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Council says consent application for alcohol at cafe will not be notified

Posted by SCe Comments Off on Council says consent application for alcohol at cafe will not be notified

Auckland Council Independent Commissioner Les Simmons has decided that the application br Preserve Piha Ltd (Piha Cafe) to serve alcohol at the cafe will not be notified. This means that he alone will make the decision, without hearing from members of the Piha community.

The Piha Cafe had sought to changes conditions of its consent to include serving alcohol, operating an ice cream cart, extending the building at the back, and changing the surface of the parking area. This seemed set to be notified, but that application was withdrawn and a revised and reduced one lodged.

The decision by Mr Simmons as to why he has chosen not to notify the appplication or even “limited notification” (neighbours and affected parties notified) is here


The next step is that the Commissioner will decide whether to agree to the proposal and what conditions are put on it.

Following this, the Cafe will still have to seek a liquor licence before it is able to serve alcohol. This application would be processed by Auckland Council and it is expected it would be notified.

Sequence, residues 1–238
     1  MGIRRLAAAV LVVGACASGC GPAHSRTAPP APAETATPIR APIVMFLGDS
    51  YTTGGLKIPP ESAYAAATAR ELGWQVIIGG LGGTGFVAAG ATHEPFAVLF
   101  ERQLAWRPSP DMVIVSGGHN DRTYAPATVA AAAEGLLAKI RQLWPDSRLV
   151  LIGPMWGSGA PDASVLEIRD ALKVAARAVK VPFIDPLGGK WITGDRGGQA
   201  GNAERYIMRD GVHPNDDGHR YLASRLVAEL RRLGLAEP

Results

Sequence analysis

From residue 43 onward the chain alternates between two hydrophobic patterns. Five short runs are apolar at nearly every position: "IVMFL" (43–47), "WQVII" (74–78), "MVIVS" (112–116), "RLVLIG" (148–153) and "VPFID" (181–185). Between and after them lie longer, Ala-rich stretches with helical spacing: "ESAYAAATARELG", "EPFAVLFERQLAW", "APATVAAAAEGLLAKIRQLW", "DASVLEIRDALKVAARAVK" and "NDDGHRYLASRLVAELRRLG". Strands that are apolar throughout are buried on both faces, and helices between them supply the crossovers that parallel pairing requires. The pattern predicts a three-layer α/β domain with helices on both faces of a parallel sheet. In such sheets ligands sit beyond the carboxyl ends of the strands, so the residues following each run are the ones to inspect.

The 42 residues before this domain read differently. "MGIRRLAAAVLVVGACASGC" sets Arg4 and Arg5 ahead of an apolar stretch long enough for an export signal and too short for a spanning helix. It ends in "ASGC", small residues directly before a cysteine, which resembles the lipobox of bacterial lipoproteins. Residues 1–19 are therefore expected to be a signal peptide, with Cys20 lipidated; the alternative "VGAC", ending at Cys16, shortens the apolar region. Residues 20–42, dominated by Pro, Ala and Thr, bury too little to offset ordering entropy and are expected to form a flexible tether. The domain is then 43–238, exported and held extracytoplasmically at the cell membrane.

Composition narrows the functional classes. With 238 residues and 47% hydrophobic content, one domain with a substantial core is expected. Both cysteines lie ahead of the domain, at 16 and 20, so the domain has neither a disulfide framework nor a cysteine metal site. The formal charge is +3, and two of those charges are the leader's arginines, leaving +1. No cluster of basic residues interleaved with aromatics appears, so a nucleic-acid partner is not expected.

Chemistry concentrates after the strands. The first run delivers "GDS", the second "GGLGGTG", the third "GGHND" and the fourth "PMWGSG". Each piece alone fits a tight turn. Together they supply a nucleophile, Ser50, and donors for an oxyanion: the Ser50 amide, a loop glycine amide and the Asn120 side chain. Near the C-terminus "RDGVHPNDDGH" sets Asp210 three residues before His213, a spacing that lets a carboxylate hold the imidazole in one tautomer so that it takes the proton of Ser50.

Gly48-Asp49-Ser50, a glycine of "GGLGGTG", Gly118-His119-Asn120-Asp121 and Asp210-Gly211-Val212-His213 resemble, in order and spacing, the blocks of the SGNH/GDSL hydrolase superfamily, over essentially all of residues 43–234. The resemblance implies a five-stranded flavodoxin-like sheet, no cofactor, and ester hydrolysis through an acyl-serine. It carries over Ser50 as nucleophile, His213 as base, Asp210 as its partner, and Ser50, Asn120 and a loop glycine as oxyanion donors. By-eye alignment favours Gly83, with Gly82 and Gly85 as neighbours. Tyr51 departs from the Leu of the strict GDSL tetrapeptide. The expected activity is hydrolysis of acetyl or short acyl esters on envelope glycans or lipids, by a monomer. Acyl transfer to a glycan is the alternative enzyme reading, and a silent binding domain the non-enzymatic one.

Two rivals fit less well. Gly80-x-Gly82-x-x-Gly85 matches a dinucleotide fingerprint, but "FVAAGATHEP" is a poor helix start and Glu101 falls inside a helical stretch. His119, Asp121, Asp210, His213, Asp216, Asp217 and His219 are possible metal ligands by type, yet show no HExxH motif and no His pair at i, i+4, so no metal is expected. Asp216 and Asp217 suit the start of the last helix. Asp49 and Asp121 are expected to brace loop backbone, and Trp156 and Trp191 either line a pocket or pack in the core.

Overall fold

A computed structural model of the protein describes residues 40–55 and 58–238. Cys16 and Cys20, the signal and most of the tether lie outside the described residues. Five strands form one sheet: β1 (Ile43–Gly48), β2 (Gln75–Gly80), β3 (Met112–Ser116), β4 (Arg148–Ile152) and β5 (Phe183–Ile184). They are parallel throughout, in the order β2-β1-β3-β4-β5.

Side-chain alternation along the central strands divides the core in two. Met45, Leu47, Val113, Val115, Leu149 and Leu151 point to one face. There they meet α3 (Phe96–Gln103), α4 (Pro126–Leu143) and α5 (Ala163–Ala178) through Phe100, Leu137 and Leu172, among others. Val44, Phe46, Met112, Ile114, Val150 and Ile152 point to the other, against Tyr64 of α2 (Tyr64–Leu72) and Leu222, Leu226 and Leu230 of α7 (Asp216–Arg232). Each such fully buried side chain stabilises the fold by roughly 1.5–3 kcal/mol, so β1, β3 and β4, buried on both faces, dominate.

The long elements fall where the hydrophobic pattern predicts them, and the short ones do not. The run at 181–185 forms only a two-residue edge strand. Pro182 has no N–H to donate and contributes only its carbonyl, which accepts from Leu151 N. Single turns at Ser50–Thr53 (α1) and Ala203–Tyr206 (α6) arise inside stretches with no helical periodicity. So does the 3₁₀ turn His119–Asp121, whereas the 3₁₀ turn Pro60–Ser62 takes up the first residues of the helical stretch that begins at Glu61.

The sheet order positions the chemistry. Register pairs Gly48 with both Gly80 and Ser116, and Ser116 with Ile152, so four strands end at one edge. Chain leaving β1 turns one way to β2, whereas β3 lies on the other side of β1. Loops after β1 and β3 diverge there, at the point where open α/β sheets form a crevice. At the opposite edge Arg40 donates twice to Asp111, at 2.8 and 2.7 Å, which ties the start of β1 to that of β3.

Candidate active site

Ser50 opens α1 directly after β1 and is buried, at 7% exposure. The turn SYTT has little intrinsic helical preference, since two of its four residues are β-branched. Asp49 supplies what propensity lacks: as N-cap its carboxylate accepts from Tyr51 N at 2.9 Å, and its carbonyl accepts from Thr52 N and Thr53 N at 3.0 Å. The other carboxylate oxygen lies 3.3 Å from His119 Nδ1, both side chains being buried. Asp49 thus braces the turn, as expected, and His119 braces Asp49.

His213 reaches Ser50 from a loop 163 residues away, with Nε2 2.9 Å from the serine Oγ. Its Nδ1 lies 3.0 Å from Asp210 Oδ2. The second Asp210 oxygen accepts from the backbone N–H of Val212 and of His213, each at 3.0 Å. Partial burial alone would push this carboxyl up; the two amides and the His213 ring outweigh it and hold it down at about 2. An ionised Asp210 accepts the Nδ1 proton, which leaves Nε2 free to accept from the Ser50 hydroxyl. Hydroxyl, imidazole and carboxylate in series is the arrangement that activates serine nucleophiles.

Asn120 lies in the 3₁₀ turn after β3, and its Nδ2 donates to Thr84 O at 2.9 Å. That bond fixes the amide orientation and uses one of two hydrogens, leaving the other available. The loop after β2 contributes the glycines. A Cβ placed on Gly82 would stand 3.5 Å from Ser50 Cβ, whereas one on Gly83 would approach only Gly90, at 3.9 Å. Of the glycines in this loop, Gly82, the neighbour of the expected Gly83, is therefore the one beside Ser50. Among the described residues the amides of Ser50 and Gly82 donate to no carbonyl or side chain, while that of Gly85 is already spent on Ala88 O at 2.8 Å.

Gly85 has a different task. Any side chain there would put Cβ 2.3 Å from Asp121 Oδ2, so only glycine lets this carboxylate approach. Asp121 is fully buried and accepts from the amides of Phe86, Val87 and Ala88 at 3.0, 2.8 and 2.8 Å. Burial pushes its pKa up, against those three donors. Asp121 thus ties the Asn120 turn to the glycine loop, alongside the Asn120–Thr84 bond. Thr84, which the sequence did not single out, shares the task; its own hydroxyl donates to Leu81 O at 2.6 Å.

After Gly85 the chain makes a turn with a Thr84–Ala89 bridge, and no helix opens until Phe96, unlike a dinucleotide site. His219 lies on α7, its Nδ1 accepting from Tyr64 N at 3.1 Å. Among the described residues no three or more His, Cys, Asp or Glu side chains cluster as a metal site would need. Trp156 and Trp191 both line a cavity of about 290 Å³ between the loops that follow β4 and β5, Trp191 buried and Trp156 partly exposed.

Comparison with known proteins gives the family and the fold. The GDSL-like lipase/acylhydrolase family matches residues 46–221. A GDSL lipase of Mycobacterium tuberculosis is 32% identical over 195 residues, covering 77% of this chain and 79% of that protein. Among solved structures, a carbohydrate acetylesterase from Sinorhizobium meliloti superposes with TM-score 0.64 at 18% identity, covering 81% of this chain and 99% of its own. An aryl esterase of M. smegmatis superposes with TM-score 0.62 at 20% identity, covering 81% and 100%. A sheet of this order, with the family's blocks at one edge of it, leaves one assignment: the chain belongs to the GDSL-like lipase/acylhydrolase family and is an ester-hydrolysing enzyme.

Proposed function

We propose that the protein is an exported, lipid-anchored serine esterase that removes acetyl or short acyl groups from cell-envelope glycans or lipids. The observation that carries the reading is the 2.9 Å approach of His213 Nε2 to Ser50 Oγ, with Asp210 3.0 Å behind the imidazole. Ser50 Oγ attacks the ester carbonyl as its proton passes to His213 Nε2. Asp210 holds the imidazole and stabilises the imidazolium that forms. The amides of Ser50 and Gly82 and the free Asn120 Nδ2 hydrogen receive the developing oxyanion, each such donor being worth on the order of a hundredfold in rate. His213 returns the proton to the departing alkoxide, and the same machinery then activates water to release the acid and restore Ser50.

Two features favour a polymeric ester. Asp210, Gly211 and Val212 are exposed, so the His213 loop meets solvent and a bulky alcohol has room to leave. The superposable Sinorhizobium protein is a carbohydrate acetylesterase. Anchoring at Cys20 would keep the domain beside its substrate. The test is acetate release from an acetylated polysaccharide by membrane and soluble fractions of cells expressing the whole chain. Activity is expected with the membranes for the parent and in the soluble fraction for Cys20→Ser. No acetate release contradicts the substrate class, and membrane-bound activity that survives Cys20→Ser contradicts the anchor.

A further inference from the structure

Protect Piha Heritage which opposed the Cafe to the Environment Court was disappointed at the non-notification. Spokesperson Kath Dewar said:

“We are extremely disappointed that there will be no notification of the Piha café’s resource consent application to serve alcohol. Given the controversy around the establishment of the café, we think the community should be given the opportunity to express its views  on the environmental effects of serving of alcohol at the cafe.

The Auckland Council officer’s report acknowledged that even amongst those who originally supported the Cafe application, it was on the basis no alcohol would be served. Currently, it is not possible to buy alcohol at Piha during the day. Alcohol consumption is incompatible with the inherent risks of a surf beach and the reality that the vast majority of cafe patrons are visitors who will get in their cars to drive back into the city on a difficult open speed road. All emergency services in Piha are run by volunteers, so any adverse outcomes of this consent will fall back on the community who have been denied a chance to have their say in an open hearing process.”

Categories: issues, Uncategorized

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